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Extension > Driven to Discover Citizen Science > A record spring for monarchs!

Monday, June 4, 2012

A record spring for monarchs!

Monarch.jpgSpring 2012 has been unusual for monarchs, in a good way! We weren't expecting this good news. People have measured the area occupied by monarchs overwintering in Mexico since the winter of 1993-1994, and the winter of 2011-2012 was one of the lowest on record. The average over the whole 19 years is 7 hectares (1 hectare is about 2.5 acres). Last winter (2011-2012), monarchs occupied only 2.9 hectares; only two other years have been this low. However, it appears that a few interacting weather patterns have helped the population rebound in a single generation. First, the drought that's been drying out a large part of Texas ended. This meant that there was lots of healthy milkweed for the monarchs coming up from Mexico to lay their eggs on. Second, just when the next generation of monarchs in the south were emerging, a string of warm days with southerly winds pushed them northward in larger numbers and earlier than we'd seen for many years. Also, it's possible that several bad monarch years in the south meant that there were fewer predators and parasitoids around.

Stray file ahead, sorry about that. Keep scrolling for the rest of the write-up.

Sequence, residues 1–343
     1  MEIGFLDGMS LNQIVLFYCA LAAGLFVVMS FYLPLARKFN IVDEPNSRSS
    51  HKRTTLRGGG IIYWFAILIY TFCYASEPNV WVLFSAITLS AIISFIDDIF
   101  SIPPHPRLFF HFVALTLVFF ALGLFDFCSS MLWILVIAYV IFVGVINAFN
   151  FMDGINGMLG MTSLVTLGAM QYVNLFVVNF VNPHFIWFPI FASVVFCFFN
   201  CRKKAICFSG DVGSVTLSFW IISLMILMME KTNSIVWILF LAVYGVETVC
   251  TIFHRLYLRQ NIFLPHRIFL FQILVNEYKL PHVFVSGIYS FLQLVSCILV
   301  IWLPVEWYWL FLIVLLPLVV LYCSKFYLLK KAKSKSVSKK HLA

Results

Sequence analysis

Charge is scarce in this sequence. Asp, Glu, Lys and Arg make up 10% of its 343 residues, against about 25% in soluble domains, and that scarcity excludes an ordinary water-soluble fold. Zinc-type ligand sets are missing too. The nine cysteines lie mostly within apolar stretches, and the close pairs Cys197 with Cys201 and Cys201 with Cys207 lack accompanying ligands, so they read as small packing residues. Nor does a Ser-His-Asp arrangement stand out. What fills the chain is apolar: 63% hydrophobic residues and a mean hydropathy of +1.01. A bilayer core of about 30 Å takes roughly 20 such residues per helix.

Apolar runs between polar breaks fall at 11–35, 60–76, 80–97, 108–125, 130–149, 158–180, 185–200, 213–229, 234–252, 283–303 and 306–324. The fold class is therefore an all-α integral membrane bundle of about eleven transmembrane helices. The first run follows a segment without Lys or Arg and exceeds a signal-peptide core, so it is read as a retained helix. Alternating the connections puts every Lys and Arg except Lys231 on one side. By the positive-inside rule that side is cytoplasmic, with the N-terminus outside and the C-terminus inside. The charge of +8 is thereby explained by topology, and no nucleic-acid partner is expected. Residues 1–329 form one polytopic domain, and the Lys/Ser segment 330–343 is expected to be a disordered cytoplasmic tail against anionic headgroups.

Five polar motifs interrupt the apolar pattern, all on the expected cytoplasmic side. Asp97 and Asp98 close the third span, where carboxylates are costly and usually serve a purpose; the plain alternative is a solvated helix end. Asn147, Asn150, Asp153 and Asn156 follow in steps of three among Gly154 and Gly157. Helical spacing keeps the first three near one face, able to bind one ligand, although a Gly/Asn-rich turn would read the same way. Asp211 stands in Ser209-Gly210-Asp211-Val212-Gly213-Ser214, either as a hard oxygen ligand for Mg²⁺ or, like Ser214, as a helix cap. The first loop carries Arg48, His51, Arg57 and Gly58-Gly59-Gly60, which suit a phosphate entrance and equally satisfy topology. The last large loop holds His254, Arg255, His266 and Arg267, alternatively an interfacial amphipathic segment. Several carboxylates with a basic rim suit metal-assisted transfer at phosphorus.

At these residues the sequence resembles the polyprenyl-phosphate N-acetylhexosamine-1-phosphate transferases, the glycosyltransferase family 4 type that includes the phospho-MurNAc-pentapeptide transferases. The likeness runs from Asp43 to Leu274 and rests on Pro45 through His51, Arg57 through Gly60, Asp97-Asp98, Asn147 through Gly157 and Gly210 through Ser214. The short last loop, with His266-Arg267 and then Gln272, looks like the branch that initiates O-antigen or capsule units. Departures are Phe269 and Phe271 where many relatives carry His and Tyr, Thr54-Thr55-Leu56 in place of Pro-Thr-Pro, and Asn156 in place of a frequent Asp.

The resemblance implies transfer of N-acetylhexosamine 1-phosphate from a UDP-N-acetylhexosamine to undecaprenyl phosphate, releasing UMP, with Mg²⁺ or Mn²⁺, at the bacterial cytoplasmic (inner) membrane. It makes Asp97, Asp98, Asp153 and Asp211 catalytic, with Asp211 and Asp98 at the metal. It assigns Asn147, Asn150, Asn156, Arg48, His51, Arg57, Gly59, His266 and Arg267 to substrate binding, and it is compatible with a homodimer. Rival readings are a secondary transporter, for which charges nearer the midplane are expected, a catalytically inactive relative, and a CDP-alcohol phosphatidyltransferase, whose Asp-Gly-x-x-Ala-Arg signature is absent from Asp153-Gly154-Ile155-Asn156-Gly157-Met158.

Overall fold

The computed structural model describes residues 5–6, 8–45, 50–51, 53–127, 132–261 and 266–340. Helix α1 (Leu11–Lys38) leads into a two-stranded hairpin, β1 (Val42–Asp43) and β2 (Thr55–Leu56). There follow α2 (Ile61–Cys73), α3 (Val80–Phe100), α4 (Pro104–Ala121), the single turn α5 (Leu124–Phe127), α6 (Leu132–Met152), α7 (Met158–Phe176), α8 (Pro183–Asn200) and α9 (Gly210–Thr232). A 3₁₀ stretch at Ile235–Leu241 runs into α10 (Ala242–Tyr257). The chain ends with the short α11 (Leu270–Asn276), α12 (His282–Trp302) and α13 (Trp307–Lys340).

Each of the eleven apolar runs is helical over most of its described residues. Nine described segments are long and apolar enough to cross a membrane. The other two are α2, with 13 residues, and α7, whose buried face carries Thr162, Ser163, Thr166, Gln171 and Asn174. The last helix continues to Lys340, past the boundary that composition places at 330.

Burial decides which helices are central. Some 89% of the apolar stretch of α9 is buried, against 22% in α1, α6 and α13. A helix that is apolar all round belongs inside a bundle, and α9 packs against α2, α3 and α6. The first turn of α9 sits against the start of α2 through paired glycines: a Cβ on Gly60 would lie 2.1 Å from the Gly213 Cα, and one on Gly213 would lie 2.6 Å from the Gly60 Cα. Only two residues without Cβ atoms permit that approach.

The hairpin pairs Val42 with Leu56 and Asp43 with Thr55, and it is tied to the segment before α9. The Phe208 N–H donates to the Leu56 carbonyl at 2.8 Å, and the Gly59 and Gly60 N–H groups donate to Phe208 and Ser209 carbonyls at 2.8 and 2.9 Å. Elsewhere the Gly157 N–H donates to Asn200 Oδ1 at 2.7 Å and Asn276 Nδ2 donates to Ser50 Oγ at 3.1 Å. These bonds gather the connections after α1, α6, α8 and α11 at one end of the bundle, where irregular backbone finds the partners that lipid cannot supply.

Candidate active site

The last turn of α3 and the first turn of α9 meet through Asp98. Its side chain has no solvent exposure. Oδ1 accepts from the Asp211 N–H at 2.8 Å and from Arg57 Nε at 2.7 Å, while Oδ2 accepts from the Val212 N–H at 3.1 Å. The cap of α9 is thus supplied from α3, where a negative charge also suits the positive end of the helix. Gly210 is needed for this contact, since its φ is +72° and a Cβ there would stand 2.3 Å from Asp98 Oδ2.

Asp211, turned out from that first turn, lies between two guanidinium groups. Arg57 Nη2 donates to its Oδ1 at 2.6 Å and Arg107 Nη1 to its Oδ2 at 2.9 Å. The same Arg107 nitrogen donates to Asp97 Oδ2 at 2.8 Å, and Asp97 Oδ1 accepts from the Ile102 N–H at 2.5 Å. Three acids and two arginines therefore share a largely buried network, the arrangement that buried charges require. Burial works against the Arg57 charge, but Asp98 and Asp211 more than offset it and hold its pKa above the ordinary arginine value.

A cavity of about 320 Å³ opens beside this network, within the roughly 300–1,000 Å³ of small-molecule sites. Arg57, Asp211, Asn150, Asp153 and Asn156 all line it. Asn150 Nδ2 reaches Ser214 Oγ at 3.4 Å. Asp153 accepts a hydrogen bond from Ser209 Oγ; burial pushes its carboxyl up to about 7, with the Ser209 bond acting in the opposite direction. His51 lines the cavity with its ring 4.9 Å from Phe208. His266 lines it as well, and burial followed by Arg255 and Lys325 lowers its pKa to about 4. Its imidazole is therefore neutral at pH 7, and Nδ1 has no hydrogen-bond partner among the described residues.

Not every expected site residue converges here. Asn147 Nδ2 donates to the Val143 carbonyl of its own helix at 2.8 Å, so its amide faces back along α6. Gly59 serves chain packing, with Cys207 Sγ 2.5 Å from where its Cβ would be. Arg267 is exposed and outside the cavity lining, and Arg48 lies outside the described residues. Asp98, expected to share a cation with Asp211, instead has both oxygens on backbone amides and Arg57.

Citizen scientists in both the Monarch Larva Monitoring Project and Journey North reported seeing monarchs up to three weeks earlier than usual, farther north than usual, and in huge numbers. For example, Wendy Macziewski and I visited the University of Minnesota Arboretum on May 15, and saw hundreds of monarchs flying over the grounds. Usually we haven't even seen one monarch by that date. For reports of early and large monarch sightings, check out the Journey North website and compare MLMP state graphs from many years (check out both the timing of the first monarchs, and their numbers: http://www.mlmp.org/Results/StateList.aspx).

It looks that this is shaping up to be a good year for monarchs in our part of the country. So far, we've had plenty of rain, and a warm spring meant that the milkweed was ready for the monarchs when they arrived. Your data will really help us understand how monarchs respond to such an usual spring!

Karen Oberhauser

University of Minnesota Monarch Lab


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